From all the Tim Burton stuff. Oh my god. She’s great.

Gretchen (Kidman) has a wardrobe unique to her own. However, Kayla and Megyn (Theron) dress somewhat similarly, yet Kayla’s wardrobe is decidedly darker-hued. What did you want to convey with the three leads’ distinct choice of outfits?

There were talks about what each woman represented, and there are three levels of power in the story. Megyn’s got power and it’s only growing. She’s a superstar at the network. Gretchen has had power, but Roger’s started to demean and diminish her because she’s resisted his sexual advances. And then Margot’s got no power. So she’s not a superstar, but she admires Megyn so much, and she’s stuck working for Gretchen. But she tries to be Megyn, and so her wardrobe is very often trying to model herself after this new rock star, Megyn. There’s an interesting tension whenever Kayla’s with Gretchen. You feel like she’s just stepping through Gretchen to get to Megyn. And that’s what makes it so devastating when Megyn finds out she’s being harassed. They have that scene where Margot finds out she could’ve told her and warned her about it. So in a way, it’s a loss of innocence at that moment. My hero didn’t help me.

And Megyn does step up eventually. You’re absolutely right that she wasn’t trying to emulate Gretchen’s bright Fox colors. A lot of women on Fox wear those bright pastel colors. Megyn was a little more fashion-aware and more sophisticated in a certain way, and Margot’s character wants to be that. Margot’s character is so interesting because she’s not the naive, fresh-off-the-boat hick from Florida. She’s actually pretty sophisticated, but that’s what makes it even more tragic that she thinks she sees it all coming, but she doesn’t see Roger coming. She’s so confident, and then Roger tries to humiliate her and crush her soul.

Bombshell’s subject matter is obviously incredibly topical. The fact that Fox paid Ailes and O’Reilly more than they did the victims that came forward is an example of how far we have to go, in some regards. And certain men involved in the #MeToo movement that this scandal prefaced are already making comebacks. How have you contextualized the progress since this important movement began?

One of the context things that’s really important to remember is this was a year before the Harvey Weinstein news broke that these women dared to step out and speak up and take this risk. And they paid a horrible price. Gretchen never worked in television broadcasting again. Rudi Bakhtiar, the woman who’s thoughts you hear at the beginning, was a rising star. The future Christiane Amanpour, they thought. She never worked in broadcasting again. She didn’t even report it herself. Her agent mentioned to somebody this guy hits on her in the middle of her contract. Fired. And so they suffered a horrible price, and they were given settlements, but you could argue not nearly enough for the end of their careers over this stuff. And it also was so tragic that the women were actually encouraged to attack each other and not talk to each other. So at the end of the film, there is a victory. These women took down one of the most powerful men in media ever. And with no real chance of success going in. So the underdog story part of it is really compelling. But we are very careful not to say “mission accomplished.”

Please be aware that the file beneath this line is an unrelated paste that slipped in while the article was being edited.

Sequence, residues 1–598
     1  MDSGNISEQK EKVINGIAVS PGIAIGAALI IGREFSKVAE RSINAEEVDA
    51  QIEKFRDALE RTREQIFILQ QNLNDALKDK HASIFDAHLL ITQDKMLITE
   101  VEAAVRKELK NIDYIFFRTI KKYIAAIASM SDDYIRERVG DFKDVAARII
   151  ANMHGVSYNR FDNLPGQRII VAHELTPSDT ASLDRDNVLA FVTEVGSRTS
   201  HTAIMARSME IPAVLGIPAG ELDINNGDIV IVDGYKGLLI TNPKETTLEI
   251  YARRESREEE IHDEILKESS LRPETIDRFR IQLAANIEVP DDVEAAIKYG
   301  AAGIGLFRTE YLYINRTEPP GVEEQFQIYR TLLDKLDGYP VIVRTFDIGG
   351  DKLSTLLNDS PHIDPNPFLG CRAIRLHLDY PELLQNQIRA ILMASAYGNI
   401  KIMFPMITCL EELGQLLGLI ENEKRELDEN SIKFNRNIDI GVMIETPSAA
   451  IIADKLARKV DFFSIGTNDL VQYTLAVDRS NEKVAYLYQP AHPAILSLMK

We show that there is a somewhat triumphant takedown, but there’s also a clear instance in this story that at the end that the women didn’t really bond very much over this in that particular organization, maybe because they didn’t have the #MeToo thing yet to use as their commonality. There’s so much more to talk about. Even just in the simple thing of men should give more accusers the benefit of the doubt. Maybe we can be a little less complicit by just trying to ignore like Rob Delaney’s character does and stay out of it. It’s pervasive to this day. We were just watching the Uber numbers. Oh my god. Women should be safe at work, on rides, and when they go work in a fast-food industry. When they work at a hotel. It seems like such an obvious thing, and it’s something we should all have in common, but it becomes politicized. It becomes controversial. Some people don’t want to think of themselves as feminists, but this is a fundamental thing we can pretty much all agree on. Women should be safe.

I think the world may just be ready for another Austin Powers movie. Have you put much into a sequel of late?

Not more than I have for the past 17 years since the last one [laughter] because we’ve always hoped we would land on something that would earn a sequel. Mike’s thought about it, and it’s so much more up to him than it is up to me.

What do you have in the pipeline that has you excited?

We’re working on a story about Kent State to maybe do as a limited series. It’s a really powerful story. And even some other comedies too. We could all use a little comic relief right now.